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Mail Tribune 100, Dec. 3, 1918

The following news items were drawn from the archives of the Mail Tribune 100 years ago.

Dec. 3, 1918


The Southern Oregon Poultry association should receive the support of all the local people of Medford and vicinity. In fact the people of the entire county should be interested in this association and should support it by becoming members to the organization.

There is no animal that produces better food for human beings than the lowly hen. Every farmer and orchardist should have a flock of high egg producing hens, and if these hens are handled properly, a nice profit will be made from them each season.

More attention is being given to poultry these days and a great deal has been learned relative to feeding for egg production and breeding for the same by culling out the non-layers. The association has been instrumental in advancing the best known methods of poultry raising and should be given credit for fostering the interests of the poultry raisers of the country.

The public should respond more liberally for the support of the coming poultry show, which is to be held in Medford on December 19. C. C. C. CATE, County Agent.


November dropped below the average in rainfall, but 2.29 inches of precipitation, including one inch of snow, being recorded, as against 4.26 inches a year ago and an average of 3.75 for the past 25 years. Total rainfall for the season (since Sept. 1), now totals 5.52 inches, 1.66 for Sept., 1.57 for October and 2.29 for November, against a seasonal average of 6.19, making a seasonal deficiency to date of .67 inches. The ground, however, is in excellent condition for plowing and the weather has been ideal for the farmer. December average rainfall is 4.23 inches.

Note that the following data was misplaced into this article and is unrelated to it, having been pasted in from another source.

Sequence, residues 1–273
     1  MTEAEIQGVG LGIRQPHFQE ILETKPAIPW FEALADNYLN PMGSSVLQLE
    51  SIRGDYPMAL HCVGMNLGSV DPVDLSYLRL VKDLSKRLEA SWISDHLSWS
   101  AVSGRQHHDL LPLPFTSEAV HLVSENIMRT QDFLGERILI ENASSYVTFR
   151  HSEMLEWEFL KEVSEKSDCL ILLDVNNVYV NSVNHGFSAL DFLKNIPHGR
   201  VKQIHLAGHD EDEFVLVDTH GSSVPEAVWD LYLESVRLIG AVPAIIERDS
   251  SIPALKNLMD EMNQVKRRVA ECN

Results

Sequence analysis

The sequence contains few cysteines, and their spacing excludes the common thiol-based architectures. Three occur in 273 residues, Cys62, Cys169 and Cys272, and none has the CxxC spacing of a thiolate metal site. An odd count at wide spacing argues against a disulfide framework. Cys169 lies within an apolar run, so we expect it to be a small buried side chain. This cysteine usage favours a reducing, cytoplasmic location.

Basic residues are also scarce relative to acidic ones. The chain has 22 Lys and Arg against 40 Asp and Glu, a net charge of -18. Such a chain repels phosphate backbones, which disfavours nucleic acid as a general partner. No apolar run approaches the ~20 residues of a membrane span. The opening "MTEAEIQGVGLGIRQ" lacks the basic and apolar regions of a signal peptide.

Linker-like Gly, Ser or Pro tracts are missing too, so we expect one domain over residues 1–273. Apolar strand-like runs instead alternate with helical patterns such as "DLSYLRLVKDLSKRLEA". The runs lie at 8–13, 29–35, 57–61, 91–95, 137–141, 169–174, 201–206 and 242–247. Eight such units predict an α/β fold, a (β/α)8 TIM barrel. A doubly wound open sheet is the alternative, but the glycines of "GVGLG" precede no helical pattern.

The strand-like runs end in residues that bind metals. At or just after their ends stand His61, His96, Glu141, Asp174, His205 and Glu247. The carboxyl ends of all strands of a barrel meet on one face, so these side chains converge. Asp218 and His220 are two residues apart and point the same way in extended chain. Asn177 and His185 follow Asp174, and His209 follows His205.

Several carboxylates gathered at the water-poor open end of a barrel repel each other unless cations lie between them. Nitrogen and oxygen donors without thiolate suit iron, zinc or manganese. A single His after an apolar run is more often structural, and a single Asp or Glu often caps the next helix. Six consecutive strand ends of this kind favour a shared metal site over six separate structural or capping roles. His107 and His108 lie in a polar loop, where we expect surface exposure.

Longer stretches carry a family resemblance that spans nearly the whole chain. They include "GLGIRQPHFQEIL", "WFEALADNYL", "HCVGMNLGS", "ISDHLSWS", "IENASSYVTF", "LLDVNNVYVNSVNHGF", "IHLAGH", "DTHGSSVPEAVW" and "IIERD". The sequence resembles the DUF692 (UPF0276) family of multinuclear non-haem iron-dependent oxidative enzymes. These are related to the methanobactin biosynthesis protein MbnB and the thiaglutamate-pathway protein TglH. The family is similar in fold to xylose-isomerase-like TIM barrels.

The coldest weather of the month was experienced November 29 when the thermometer fell to 24; the warmest day was the first with a maximum of 63. The mean for the month was 41.5.


A telegram received from New York from Miss Elizabeth Putnam booked to sail today on overseas service, states that at the last moment all sailings were cancelled on cable from France and that no more Red Cross workers in any capacity will be sent abroad. Sometime ago all except hut-workers and ambulance drivers were ordered stopped. She reports that 300 young women, gathered at New York from all parts of the country, are affected by the order.

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News from 100 years ago